100 auto drivers may lose licences | mumbai | Hindustan Times
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100 auto drivers may lose licences

Around 100 autorickshaw drivers stand to lose their licences if they fail to prove that they were forced to join the nationwide strike called by trade unions on Tuesday without intimation.

mumbai Updated: Sep 11, 2010 02:37 IST
Shashank Rao

Around 100 autorickshaw drivers stand to lose their licences if they fail to prove that they were forced to join the nationwide strike called by trade unions on Tuesday without intimation.

The minimum punishment would be temporary suspension of licence and/or a fine of Rs 1,000.

The state Transport department has issued show-cause notices to these 100 auto drivers and the number is expected to rise as the department has asked Regional Transport Offices (RTOs) to take action against errant drivers.

The RTOs are handing over show-cause notices to drivers when they come to renew their fitness certificates or licences.

“We have started sending show-cause notices to autorickshaw drivers and permit holders who purposely didn’t run their vehicles and inconvenienced people,” said Dilip Jadhav, state Transport Commissioner.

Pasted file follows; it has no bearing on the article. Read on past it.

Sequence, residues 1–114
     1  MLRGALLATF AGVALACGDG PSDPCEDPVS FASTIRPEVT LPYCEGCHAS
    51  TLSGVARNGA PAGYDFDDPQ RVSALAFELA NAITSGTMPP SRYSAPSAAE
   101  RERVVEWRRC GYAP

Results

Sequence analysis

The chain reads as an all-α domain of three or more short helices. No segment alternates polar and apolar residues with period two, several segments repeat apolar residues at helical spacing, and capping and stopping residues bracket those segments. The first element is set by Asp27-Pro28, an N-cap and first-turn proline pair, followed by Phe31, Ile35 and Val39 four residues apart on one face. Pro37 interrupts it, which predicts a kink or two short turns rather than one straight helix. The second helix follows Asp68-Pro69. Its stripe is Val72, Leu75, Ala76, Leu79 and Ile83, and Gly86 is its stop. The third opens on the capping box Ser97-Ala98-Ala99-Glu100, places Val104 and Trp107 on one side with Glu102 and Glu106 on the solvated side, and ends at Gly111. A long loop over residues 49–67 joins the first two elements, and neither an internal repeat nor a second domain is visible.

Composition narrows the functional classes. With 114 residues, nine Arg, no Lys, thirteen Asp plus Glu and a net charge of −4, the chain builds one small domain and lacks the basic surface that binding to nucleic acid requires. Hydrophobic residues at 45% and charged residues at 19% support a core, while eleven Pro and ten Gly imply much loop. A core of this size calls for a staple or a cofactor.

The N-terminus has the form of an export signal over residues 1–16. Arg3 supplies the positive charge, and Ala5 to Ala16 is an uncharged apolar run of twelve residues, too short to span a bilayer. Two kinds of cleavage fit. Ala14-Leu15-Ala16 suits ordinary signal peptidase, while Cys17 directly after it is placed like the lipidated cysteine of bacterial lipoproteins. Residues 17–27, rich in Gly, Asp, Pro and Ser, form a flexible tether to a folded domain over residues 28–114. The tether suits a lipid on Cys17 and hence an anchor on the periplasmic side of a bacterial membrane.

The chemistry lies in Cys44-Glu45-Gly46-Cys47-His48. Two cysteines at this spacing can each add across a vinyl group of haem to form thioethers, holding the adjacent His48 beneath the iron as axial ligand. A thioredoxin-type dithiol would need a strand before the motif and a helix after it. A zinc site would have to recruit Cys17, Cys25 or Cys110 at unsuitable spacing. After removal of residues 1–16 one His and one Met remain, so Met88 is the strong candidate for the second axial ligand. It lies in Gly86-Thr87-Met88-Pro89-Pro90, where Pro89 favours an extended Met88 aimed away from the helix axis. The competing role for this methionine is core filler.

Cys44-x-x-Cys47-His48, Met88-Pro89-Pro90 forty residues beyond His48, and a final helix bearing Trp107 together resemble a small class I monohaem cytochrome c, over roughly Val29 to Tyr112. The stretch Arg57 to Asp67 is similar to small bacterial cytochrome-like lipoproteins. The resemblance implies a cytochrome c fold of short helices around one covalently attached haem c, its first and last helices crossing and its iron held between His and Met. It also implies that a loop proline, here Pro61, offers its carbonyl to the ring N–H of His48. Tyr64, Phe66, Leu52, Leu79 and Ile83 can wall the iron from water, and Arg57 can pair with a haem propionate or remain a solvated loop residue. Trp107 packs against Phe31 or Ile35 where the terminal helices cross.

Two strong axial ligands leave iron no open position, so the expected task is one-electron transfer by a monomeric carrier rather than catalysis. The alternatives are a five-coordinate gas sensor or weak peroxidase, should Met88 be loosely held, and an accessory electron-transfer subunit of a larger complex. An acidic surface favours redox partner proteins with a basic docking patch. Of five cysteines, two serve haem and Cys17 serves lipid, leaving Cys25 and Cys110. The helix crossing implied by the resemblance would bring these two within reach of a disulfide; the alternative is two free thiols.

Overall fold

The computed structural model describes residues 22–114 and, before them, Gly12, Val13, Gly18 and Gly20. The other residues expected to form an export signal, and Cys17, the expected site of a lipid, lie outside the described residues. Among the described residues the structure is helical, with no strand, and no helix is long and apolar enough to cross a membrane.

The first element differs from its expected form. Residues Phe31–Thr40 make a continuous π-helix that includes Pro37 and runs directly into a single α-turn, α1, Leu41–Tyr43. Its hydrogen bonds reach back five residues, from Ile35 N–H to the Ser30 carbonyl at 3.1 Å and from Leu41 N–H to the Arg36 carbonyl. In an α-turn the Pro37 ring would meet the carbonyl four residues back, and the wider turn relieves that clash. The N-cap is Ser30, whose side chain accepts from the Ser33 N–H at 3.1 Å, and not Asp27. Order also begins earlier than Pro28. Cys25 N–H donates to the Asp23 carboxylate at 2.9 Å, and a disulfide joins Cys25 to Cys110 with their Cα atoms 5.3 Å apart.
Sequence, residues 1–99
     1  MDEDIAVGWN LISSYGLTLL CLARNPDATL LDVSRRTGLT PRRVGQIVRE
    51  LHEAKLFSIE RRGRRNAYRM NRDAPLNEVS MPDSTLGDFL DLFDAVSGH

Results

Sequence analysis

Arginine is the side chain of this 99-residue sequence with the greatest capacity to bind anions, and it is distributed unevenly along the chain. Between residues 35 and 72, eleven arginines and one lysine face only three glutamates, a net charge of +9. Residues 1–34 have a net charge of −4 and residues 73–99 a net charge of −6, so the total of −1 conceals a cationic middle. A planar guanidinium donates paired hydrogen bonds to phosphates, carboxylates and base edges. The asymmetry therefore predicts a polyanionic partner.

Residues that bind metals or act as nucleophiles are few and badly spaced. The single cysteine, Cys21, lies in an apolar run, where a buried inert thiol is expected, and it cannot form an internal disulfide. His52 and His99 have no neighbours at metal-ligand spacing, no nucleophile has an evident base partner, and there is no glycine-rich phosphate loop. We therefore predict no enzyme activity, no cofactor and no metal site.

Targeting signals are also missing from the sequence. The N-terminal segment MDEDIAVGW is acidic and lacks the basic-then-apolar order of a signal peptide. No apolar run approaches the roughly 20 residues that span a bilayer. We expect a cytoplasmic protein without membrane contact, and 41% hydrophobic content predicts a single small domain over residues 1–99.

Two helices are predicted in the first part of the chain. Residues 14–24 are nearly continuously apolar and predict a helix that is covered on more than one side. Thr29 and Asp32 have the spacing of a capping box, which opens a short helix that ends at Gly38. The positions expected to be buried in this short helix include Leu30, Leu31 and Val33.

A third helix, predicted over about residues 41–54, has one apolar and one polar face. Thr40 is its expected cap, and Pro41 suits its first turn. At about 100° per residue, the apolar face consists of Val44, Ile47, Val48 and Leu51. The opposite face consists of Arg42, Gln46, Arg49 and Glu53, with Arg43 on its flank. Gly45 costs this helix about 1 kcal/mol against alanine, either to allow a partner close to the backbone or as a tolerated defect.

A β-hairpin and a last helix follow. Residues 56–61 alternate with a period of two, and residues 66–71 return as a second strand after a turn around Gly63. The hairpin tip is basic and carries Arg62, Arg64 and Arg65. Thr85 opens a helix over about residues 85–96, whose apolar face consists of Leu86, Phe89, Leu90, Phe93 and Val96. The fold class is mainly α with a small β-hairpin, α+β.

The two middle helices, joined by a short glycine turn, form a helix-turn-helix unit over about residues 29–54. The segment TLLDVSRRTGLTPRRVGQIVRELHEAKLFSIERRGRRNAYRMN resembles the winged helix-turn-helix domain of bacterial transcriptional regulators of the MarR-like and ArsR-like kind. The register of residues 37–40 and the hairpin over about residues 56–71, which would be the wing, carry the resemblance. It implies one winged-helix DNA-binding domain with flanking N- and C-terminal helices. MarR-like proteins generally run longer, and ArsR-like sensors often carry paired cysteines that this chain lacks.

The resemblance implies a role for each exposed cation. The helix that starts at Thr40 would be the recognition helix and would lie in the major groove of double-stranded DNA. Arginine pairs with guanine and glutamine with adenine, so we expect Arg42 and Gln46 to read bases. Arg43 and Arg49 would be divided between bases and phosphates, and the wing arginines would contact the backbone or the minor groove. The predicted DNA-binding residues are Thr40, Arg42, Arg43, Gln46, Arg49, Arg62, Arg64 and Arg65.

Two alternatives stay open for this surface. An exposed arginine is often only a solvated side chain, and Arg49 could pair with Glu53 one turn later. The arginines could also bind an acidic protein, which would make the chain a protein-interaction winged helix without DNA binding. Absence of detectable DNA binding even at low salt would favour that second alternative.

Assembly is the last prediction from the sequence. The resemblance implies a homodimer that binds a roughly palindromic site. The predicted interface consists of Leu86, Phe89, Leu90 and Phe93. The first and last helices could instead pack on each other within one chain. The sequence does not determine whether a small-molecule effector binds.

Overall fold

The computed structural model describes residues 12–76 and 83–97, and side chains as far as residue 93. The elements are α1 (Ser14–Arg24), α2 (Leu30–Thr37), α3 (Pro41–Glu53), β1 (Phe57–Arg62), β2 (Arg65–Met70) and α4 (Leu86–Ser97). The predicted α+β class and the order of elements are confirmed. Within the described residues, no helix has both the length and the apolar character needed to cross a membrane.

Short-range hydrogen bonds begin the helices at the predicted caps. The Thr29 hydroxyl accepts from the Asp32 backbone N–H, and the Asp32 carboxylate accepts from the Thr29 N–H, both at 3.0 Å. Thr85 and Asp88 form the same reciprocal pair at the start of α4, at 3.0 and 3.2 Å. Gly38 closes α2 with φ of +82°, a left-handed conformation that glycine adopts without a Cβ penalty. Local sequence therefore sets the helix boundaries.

Jadhav in his recent interview to Hindustan Times had told that necessary action would be taken against the autorickshaw drivers under the law.

These show-cause notices have been issued under Section 86 of the Motor Vehicles Act, 1988, based on information received from RTO officers, complaints on their helpline and offences registered at various police stations.

The drivers need to prove that they were forced not to ply their autorickshaws and give justified explanations for joining a nationwide strike meant for trade unions.

“It is compulsory for any union to give prior intimation to the state government if they decide to go on strike,” an RTO official said on condition of anonymity because he is not authorised to talk to the media.

“However, there was no such communication from the autorickshaw union on September 7,” he added .

However, the union feels the state Transport department is wrong in targeting individual drivers.

“The Transport department never promised these drivers that their vehicles would be protected against any violence. So, fearing damage to their autorickshaws, several drivers preferred parking them,” said a senior member of the union, requesting anonymity.

Transport department officials said the drivers should have at least run their autos from railway stations to important junctions.

“I will have to check the number of show-cause notices issued by the Transport department,” said Thampi Kurien, general secretary, Mumbai Auto Rickshaw Union.